Light waves are electromagnetic radiation, with a very wide range of wavelengths. Visible light makes up a very small portion of the electromagnetic spectrum.
Light waves can travel in vacuum, which means they do not rely on the motion of particles in a medium, like mechanical waves. The electric and magnetic components of the wave are generally perpendicular, and peak at the same time. The strength of the electromagnetic field oscillates as the wave propagates. A charged particle will oscillate in response to a passing electromagnetic wave.
Light waves travel at a constant speed in vacuum, regardless of the motion of the observer. The speed of light in vacuum is about 3.0 x 108 m/s, and is generally denoted as c. In a medium, the photons of light (light particles) interact with matter particles. Light still travels at c when it is propagating as a wave, but photons of light are absorbed and re-emitted by the matter particles, which takes time. This means that the effective speed of light in a medium is slower than c.
We define the index of refraction n, as the ratio of the speed of light in vacuum to its effective speed in a material. The index of refraction is a property of the material. The frequency of light stays constant as the light passes through materials of varying n, and the wavelength changes according to the effective speed v.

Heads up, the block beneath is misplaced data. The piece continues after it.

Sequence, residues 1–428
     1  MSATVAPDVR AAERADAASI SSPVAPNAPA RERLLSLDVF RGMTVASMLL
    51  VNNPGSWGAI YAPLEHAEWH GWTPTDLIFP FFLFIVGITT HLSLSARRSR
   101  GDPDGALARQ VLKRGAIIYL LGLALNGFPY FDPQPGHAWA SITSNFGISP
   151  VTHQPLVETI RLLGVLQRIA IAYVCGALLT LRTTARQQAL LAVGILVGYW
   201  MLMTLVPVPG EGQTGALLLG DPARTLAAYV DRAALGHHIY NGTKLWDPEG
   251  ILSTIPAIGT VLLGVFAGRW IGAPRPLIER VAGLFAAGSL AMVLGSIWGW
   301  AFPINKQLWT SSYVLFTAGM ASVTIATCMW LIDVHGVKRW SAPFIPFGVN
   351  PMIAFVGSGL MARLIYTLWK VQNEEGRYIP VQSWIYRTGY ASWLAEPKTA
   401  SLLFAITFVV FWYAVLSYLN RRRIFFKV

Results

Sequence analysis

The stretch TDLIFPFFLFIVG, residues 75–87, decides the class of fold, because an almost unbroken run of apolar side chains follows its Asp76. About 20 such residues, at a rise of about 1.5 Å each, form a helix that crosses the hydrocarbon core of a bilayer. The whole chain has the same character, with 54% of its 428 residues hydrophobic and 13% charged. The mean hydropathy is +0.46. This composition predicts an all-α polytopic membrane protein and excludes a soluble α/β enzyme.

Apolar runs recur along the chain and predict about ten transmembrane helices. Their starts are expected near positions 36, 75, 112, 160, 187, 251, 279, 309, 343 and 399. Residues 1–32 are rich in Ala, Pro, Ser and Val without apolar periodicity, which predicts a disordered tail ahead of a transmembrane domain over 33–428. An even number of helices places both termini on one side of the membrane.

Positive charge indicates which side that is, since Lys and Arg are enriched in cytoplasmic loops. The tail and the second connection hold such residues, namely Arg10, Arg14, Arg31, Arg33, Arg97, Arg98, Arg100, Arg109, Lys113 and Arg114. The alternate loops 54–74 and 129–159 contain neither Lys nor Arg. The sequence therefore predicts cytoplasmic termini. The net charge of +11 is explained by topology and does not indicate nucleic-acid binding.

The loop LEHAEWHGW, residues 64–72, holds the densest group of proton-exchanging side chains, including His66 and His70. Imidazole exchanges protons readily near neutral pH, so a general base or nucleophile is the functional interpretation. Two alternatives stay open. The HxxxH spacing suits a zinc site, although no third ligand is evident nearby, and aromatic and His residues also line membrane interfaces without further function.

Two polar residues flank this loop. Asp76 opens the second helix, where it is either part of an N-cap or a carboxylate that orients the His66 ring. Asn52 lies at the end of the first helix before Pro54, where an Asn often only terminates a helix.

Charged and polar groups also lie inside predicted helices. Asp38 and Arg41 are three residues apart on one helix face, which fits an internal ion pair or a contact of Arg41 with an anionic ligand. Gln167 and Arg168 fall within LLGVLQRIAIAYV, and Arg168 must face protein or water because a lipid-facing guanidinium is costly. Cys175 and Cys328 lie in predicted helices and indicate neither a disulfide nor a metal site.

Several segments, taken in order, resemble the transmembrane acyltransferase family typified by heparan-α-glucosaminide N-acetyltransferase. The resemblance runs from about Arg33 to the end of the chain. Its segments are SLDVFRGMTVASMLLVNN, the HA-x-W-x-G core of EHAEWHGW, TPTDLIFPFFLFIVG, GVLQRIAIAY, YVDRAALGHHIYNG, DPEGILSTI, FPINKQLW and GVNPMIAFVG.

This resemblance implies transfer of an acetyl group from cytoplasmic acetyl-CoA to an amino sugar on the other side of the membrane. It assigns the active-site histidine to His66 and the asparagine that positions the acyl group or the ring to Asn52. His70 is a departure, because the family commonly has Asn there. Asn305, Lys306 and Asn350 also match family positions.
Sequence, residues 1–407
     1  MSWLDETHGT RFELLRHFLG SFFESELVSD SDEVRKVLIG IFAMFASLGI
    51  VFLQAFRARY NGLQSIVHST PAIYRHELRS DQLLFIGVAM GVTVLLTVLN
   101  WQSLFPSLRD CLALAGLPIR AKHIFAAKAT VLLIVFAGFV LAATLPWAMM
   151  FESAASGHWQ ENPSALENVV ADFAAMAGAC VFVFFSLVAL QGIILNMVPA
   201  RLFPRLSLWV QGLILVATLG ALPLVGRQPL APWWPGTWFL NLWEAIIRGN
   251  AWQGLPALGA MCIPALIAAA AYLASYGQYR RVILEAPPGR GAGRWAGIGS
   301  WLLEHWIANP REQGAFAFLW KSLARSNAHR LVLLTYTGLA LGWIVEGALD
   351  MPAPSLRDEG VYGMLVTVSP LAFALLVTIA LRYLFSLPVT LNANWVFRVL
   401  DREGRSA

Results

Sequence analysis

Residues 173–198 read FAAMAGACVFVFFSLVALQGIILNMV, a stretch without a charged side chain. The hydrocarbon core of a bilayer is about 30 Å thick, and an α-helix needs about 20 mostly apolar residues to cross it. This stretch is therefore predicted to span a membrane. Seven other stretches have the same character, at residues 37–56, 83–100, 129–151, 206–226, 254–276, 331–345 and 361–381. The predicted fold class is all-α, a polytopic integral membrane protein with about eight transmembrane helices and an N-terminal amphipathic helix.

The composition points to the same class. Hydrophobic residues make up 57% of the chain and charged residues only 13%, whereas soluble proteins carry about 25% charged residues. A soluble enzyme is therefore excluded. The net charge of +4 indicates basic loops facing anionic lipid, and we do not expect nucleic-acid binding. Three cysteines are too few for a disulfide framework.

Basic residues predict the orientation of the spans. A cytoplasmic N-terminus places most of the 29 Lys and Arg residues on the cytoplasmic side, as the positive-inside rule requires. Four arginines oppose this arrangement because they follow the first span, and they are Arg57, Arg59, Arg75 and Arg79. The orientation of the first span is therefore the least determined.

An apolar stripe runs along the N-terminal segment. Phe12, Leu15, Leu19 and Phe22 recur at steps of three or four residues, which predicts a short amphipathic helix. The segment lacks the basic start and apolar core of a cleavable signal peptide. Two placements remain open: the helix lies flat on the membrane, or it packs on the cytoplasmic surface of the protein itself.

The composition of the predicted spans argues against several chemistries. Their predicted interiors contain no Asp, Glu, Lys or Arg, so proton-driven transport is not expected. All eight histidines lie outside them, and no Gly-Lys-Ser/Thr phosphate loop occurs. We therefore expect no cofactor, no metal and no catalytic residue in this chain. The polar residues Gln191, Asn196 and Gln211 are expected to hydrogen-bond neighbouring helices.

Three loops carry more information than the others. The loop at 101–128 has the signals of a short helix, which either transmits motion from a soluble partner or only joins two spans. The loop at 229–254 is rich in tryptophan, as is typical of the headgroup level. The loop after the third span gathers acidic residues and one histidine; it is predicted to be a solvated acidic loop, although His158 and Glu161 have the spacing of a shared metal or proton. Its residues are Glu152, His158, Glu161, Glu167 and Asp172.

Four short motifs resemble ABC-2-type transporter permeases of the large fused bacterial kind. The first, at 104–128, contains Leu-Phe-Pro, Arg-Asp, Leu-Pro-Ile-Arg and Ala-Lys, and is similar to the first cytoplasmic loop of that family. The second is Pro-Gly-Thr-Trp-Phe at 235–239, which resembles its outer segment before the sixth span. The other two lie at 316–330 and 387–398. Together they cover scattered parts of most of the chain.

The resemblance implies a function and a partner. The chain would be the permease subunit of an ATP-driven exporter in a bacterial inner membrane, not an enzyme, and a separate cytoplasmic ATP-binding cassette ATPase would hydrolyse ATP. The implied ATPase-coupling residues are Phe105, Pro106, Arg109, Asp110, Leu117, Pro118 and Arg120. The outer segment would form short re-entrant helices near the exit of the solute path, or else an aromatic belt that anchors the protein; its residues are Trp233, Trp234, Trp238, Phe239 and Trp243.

This illustration shows a snapshot in time of a wave traveling through media with different indices of refraction. Which index of refraction is the largest?
In vacuum, the index of refraction is 1. Air has a very low index of refraction, still about 1.0. The higher the index of refraction, the slower the effective speed of light in the medium. Glass has an index of refraction of about 1.5.
Practice problem: Orange light with a wavelength of 600 nm passes through a glass slide that is 1.00 mm thick. Assume the light ray strikes the glass perpendicular to its surface (the ray does not bend). How many wavelengths of light are inside the glass slide?